Men might want to start mumbling like Tom Hardy if they want to be successful on a date, a study suggests.
Researchers in California have found men who mumble are seen as more attractive by women.
Speaking less clearly – like Hollywood legends Hardy and Marlon Brando – is seen as attractive by women because it is linked to being macho, it's claimed.
Men, on the other hand, find clear pronunciation – such as Elizabeth Hurley's refined tones – attractive in the opposite sex because it indicates femininity.
Women tend to produce speech that is 'acoustically and phonetically more distinct' than that of males, the study authors claim.
Tom Hardy in the 2018 film 'Venom'. Mumbling like Hardy in his films might be something of a turn-on for women, a study suggests
Some animals show high levels of sexual dimorphism – meaning they show big differences in their physical characteristics aside from their sexual organs – partly to attract mates.
For example, in peacocks, males are normally brightly-coloured with large lustrous tail feathers, compared with the female, which has more subdued colouration.
Other examples of sexual dimorphism include antlers that are largely only found in male deer and the striking mane of the male lion.
Attractiveness in speech patterns appears to be a form of what's known as 'sexual dimorphism' – a strong difference in any characteristic between the two sexes other than the sexual organs.
'From a sexual selection standpoint, males with traits that are slightly more masculine than average are typically preferred,' said study author Dr Daniel Stehr at the University of California, Irvine.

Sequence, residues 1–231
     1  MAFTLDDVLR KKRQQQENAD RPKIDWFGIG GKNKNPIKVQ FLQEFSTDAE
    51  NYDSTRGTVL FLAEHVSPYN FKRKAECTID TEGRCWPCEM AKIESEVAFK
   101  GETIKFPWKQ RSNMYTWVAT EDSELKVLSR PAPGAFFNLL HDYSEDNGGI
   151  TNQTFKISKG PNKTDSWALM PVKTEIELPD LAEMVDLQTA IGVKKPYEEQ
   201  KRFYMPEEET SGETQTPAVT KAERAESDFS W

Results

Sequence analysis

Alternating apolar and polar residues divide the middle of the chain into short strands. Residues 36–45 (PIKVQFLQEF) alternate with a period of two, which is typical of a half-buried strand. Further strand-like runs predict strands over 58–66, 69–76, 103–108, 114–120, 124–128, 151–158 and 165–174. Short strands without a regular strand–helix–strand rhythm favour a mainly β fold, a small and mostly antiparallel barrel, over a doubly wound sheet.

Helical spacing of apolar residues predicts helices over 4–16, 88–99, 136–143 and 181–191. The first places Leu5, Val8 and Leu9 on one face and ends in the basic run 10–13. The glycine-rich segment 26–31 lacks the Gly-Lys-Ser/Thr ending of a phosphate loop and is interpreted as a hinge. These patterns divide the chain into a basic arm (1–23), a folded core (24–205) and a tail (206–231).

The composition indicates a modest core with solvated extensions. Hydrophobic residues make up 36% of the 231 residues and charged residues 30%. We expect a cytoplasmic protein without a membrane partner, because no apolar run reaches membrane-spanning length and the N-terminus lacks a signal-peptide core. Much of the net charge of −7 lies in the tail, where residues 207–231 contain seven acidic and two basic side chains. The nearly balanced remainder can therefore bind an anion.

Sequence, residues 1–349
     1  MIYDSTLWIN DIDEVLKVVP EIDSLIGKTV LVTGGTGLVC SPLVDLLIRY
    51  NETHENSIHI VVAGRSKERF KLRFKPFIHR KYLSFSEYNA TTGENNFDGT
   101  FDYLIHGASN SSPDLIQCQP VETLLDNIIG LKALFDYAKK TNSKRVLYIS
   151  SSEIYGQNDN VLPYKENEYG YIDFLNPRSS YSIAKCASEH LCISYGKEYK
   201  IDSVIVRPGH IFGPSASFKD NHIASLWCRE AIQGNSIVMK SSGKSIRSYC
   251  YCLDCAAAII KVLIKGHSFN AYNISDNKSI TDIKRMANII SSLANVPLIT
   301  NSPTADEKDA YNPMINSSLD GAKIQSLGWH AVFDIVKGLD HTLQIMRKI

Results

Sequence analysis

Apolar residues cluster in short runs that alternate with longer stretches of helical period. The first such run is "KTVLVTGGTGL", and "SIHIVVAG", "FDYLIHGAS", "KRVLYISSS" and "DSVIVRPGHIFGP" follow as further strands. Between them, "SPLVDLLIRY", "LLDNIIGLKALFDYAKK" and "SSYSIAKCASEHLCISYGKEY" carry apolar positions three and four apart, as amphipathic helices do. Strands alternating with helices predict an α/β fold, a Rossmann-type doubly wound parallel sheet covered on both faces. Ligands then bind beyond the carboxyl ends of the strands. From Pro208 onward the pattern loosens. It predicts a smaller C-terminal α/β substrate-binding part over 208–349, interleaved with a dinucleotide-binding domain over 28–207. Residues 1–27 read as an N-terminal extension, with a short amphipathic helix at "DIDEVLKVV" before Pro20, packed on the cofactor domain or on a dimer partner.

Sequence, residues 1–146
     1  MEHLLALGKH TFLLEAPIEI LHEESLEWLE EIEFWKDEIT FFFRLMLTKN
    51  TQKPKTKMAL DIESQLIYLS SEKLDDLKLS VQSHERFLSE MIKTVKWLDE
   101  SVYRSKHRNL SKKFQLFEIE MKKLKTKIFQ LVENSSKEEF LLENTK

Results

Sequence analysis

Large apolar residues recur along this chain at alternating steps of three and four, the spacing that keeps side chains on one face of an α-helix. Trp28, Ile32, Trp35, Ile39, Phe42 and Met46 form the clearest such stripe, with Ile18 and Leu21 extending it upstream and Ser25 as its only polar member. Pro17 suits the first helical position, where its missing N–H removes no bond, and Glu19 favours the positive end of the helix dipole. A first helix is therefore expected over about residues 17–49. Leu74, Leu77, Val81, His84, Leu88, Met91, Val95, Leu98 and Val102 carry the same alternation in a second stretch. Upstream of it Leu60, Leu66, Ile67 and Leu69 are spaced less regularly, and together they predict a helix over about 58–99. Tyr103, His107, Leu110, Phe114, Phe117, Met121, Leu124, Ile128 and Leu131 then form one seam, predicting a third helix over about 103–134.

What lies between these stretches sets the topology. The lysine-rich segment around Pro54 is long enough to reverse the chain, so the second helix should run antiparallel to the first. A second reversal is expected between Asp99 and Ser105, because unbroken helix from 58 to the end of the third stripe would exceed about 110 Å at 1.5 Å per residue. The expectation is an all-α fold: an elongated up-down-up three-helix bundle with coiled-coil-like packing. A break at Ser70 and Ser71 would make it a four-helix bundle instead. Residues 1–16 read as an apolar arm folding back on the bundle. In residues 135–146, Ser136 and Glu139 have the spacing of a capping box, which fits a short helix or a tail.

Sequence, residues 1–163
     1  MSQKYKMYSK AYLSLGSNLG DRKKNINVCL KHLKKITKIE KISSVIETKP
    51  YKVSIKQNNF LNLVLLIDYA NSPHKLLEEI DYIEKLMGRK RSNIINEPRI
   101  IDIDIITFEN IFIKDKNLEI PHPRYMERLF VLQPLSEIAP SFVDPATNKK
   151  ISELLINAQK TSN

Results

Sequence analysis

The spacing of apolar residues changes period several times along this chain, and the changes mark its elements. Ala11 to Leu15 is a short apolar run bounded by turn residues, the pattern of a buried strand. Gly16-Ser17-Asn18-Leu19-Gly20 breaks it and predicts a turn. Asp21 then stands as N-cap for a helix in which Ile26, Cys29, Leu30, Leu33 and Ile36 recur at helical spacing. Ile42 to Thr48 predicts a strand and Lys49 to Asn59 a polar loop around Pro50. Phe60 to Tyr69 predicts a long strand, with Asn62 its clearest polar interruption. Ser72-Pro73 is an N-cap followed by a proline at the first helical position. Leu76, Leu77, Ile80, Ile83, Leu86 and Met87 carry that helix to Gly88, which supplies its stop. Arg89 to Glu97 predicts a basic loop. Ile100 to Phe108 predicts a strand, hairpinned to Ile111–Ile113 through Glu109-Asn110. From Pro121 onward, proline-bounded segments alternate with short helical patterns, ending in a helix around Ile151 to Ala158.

'In this context it would make males with less clear speech more attractive.'
Hollywood hearthrob Marlon Brando was given the nickname 'Mumbles' by his Guys and Dolls co star Frank Sinatra.
The Oscar winning legend famously put cotton wool in his mouth while playing Don Corleone in The Godfather to make himself less intelligible.
Other leading men who have been accused of mumbling on screen include Jeff Bridges and the late Heath Ledger, as well as Tom Hardy.
One of Hardy's most unintelligible vocal performances was in the BBC series Taboo.
At the time, one fan tweeted: 'Tom Hardy in Taboo; his voice is sexy even tho I can't understand a word he says without subs [subtitles].'
The Hollywood Reporter, meanwhile, ran a 2018 article on the British actor, entitled 'Why Tom Hardy Can Be So Hard to Understand'.
But this new study suggests women actually like mumbling, contrary to popular belief, after they identified a 'sizeable gender difference' in speech intelligibility.
Pictured, Elizabeth Hurley in 'Bad Boy' (2002). Hurley is known for speaking the Queen's English during her film career
'Much received wisdom and many vocal coaches would encourage people to slow down and carefully enunciate to make a better impression on their audience, said Dr Stehr.
'However, when it comes to empirical studies of how attractiveness of the human voice is judged, we couldn't find previous work investigating whether an actual link exists between perceived attractiveness and overall clarity of articulation.'
For the study, the researchers recorded 42 individuals performing various speech tasks and used separate pools of participants to rate vocal attractiveness of the recorded talkers.